The history of Caldwell can be traced back to the late 19th century when the Oregon Short Line Railroad, a subsidiary of the Union Pacific Railroad, played a pivotal role in the city’s development. In 1883, the railroad established a station in the area, contributing to the influx of settlers and the subsequent growth of Caldwell as a transportation hub.
Agriculture became a cornerstone of Caldwell’s economy, with the fertile soils of the Treasure Valley supporting a variety of crops. The city’s early years saw the cultivation of apples, cherries, and other fruits, earning Caldwell a reputation as the “Apple Capital of Idaho.” The Idaho-Oregon Land Improvement Company, a subsidiary of the railroad, played a crucial role in promoting agricultural development by encouraging settlers to establish orchards and farms.
Caldwell’s growth was further propelled by the establishment of the College of Idaho in 1891. The college, originally founded as the Albertson College of Idaho and later renamed, contributed to the intellectual and cultural development of the community. Today, it stands as a testament to the city’s commitment to education.
The city faced challenges during the Great Depression, but the resilience of the community and the agricultural sector helped Caldwell weather the economic downturn. Post-World War II, the city experienced suburban expansion, and the growth of the food processing industry further solidified Caldwell’s status as an essential economic center in southwestern Idaho.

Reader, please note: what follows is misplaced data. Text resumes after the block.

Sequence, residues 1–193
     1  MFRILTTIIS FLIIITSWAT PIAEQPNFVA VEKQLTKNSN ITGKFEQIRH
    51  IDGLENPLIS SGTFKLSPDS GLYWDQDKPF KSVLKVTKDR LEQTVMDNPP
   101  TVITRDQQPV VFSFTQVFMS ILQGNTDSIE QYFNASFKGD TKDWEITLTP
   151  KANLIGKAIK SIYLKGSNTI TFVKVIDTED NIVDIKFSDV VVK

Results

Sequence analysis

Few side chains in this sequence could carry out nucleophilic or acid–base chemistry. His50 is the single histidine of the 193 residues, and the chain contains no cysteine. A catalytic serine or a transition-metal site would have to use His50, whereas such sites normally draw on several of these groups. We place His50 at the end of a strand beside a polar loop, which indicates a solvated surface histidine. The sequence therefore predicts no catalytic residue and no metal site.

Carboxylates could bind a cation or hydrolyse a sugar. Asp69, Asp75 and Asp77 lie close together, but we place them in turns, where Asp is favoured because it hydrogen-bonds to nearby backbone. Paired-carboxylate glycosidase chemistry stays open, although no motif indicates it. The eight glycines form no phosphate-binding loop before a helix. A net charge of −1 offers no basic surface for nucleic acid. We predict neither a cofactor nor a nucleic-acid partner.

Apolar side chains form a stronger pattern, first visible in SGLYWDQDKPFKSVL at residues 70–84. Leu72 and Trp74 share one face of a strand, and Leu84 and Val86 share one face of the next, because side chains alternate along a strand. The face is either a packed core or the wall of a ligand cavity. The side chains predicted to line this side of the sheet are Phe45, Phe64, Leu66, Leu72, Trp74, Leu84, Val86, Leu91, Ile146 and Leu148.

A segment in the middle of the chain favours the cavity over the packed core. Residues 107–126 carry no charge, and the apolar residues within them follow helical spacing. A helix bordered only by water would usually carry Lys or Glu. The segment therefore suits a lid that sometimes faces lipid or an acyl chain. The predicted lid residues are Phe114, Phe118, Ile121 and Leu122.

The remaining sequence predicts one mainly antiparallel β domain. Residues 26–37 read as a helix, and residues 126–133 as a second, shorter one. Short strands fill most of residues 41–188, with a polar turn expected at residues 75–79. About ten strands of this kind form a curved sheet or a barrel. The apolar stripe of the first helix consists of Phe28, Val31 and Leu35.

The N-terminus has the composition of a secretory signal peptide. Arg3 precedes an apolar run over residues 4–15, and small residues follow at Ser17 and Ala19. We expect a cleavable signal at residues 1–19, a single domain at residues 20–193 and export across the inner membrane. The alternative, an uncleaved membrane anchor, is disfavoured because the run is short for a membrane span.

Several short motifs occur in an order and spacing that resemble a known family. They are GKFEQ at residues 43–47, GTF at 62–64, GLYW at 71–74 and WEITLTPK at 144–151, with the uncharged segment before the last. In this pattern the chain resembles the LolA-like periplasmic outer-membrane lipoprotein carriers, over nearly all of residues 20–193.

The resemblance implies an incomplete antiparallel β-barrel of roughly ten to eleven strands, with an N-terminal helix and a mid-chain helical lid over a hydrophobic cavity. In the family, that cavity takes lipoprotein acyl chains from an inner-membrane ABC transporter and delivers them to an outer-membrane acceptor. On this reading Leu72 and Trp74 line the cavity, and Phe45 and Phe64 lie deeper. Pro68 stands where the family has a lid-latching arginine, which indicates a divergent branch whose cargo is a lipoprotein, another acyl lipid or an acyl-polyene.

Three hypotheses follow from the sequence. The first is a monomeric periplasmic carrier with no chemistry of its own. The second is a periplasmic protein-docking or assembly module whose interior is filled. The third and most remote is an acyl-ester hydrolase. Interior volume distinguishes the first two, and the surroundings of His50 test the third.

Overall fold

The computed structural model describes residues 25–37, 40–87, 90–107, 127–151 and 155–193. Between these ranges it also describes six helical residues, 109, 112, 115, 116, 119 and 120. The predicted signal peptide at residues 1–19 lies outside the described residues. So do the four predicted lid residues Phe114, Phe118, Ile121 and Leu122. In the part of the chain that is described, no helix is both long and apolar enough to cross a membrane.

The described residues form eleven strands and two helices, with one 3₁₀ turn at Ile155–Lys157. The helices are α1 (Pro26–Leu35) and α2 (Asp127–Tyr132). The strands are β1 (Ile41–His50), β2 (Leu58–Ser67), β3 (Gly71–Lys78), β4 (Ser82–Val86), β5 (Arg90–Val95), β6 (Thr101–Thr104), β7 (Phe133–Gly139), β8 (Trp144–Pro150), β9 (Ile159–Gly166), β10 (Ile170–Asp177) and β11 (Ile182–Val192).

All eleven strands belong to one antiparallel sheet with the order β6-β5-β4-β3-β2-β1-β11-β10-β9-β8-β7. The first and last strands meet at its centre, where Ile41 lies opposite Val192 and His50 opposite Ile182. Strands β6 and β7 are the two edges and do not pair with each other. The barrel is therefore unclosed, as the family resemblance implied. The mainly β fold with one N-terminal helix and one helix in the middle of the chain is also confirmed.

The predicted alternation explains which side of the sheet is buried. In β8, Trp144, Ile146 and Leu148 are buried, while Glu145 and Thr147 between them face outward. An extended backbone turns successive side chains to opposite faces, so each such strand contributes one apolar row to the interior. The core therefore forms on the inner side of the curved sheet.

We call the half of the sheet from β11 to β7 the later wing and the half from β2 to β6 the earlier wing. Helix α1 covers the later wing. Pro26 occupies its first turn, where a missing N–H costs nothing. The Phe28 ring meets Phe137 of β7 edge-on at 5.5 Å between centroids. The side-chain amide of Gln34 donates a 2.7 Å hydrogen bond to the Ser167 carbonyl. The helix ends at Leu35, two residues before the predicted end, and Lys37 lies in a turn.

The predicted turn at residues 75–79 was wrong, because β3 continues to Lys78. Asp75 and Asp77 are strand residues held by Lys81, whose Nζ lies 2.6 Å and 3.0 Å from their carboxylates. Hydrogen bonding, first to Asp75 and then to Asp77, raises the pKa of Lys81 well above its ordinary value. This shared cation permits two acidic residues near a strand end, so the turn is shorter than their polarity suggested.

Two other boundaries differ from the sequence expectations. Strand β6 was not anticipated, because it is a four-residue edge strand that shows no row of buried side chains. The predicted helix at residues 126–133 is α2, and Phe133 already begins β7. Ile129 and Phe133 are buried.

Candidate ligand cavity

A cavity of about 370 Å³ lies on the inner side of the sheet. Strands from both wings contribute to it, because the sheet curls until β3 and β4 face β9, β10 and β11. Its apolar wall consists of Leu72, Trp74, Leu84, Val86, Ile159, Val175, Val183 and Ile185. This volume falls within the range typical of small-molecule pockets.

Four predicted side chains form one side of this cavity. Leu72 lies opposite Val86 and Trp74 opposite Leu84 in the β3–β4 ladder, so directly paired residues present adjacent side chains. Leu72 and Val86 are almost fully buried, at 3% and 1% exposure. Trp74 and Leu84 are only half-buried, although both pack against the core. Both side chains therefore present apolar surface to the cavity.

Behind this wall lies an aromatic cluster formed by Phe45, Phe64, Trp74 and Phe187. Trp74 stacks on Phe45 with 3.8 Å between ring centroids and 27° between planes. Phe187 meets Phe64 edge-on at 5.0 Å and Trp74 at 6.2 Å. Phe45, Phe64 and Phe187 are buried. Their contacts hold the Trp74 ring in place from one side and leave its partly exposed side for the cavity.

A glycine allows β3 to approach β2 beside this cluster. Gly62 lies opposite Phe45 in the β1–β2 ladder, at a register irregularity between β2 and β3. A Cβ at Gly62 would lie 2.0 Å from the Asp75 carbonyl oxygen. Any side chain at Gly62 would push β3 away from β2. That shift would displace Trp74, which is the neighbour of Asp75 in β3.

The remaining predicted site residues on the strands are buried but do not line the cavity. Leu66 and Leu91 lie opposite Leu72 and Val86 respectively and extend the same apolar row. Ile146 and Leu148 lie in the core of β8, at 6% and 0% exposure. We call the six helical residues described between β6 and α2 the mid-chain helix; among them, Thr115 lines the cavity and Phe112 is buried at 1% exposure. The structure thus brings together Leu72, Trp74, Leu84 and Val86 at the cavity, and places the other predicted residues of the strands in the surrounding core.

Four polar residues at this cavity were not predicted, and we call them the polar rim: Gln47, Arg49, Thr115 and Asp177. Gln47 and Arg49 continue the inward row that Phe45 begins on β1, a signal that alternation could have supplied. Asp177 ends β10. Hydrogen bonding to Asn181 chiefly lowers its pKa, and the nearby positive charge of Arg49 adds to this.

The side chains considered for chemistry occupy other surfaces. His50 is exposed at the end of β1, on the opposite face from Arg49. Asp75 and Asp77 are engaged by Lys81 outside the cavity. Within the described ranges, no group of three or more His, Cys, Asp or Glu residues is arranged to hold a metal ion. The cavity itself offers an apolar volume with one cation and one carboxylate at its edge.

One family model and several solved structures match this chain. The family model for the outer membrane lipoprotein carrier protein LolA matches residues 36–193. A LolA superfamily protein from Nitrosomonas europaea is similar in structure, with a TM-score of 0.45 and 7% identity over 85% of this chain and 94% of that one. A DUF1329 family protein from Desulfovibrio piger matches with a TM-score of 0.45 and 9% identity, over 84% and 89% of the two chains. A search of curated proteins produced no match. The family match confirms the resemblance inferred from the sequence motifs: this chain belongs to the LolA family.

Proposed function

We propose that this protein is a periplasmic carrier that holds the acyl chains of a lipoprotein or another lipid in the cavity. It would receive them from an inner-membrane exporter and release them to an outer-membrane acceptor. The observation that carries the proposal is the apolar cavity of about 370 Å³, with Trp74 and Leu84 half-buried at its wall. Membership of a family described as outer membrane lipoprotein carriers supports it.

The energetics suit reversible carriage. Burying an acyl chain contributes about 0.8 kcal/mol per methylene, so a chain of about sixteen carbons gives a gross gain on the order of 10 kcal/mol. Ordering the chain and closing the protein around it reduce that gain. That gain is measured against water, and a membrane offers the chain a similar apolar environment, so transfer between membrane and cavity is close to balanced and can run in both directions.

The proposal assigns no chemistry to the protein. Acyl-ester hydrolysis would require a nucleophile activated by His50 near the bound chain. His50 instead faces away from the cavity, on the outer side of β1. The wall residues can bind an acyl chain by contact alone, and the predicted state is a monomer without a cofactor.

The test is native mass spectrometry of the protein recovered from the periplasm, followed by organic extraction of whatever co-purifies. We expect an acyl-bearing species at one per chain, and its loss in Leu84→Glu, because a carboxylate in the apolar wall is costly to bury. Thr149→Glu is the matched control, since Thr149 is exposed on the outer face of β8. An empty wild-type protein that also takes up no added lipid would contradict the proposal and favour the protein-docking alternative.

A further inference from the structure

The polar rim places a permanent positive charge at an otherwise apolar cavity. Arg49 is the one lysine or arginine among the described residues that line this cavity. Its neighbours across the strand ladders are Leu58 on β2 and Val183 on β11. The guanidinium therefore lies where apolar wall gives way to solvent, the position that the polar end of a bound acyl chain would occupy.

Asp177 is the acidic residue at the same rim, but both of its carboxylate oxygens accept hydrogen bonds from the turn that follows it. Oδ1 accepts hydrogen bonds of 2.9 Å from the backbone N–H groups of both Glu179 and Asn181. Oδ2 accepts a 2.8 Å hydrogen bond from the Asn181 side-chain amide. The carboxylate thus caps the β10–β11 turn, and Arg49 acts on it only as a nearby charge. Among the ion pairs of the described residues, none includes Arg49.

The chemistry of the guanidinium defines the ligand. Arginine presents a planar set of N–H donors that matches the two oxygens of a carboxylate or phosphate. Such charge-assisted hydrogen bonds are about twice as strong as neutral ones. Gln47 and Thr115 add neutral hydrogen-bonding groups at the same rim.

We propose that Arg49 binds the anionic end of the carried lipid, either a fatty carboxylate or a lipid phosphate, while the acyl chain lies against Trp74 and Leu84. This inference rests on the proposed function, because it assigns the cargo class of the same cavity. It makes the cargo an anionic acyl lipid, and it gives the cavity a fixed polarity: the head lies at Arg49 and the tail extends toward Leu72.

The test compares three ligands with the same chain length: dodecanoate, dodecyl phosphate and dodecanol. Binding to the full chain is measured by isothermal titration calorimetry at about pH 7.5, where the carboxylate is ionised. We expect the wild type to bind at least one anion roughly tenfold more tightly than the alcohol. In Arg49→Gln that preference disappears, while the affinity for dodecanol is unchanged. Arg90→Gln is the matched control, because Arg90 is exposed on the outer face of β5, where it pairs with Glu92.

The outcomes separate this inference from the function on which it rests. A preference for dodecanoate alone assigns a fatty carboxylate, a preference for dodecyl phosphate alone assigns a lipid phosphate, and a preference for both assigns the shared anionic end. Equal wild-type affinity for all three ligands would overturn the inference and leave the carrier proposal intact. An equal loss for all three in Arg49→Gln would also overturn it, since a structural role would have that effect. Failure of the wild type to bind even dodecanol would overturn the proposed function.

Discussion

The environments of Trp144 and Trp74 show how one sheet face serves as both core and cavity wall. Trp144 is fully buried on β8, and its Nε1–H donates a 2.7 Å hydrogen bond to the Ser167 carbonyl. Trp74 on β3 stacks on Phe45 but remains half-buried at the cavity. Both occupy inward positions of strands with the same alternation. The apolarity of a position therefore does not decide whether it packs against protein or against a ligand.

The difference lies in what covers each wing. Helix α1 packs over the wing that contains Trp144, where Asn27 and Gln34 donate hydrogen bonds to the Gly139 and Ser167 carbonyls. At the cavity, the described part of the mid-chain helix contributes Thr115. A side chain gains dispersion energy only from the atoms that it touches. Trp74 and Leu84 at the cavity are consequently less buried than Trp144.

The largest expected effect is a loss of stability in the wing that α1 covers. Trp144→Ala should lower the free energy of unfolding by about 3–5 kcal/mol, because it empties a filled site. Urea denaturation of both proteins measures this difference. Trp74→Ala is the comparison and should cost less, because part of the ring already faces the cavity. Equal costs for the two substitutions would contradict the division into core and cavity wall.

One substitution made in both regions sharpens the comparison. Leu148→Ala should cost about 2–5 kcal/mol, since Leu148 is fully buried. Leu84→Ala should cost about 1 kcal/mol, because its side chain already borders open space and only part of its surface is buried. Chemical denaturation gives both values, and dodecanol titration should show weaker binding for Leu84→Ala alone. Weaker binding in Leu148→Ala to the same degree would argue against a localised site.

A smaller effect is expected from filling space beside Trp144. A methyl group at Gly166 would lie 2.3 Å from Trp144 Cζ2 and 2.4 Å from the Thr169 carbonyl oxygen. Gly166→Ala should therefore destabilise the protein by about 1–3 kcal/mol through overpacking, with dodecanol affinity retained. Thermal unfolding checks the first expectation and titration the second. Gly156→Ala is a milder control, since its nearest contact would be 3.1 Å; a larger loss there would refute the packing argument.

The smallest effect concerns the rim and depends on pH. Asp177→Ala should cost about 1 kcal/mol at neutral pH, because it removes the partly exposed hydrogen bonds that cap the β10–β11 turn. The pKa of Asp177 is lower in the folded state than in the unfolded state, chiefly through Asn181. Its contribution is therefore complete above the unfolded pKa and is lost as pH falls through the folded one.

According to Recipesinthebox, Caldwell’s climate is characterized by hot summers and cold winters, typical of a high desert region. Average high temperatures in the summer months range from the mid-80s to mid-90s Fahrenheit (29-35°C), while winter highs generally range from the mid-30s to low 40s Fahrenheit (2-7°C). The region experiences relatively low humidity levels, contributing to the arid conditions.
The climate supports the cultivation of a variety of crops in the surrounding agricultural fields. Irrigation systems, including those derived from the nearby Boise River, have been crucial in sustaining the region’s agriculture, allowing for the continued growth of crops like sugar beets, onions, and various grains.
Caldwell is known for its annual celebration, the Caldwell Night Rodeo, one of the largest rodeos in the Pacific Northwest. This event, which began in 1925, showcases the city’s Western heritage and agricultural roots, attracting visitors from across the region.
In recent years, Caldwell has experienced growth and development, with an emphasis on preserving its historical character while adapting to modern needs. The Indian Creek Plaza, a downtown revitalization project, has become a central gathering place, featuring public spaces, events, and a farmers’ market.
Caldwell’s rich history is also reflected in its architectural heritage. The Caldwell Train Depot, built in 1907 and listed on the National Register of Historic Places, stands as a reminder of the city’s railroad history. The Orma J. Smith Museum of Natural History, located on the College of Idaho campus, offers insights into the natural and cultural history of the region.
As Caldwell continues to evolve, its history, agricultural roots, and commitment to education remain integral to its identity. The city’s climate, with its distinct seasons and arid conditions, continues to shape the landscape and support the vibrant agricultural activities that have been central to Caldwell’s development since its early days. Today, Caldwell stands as a testament to the endurance of Western communities and their ability to adapt and thrive in the face of changing economic and environmental circumstances.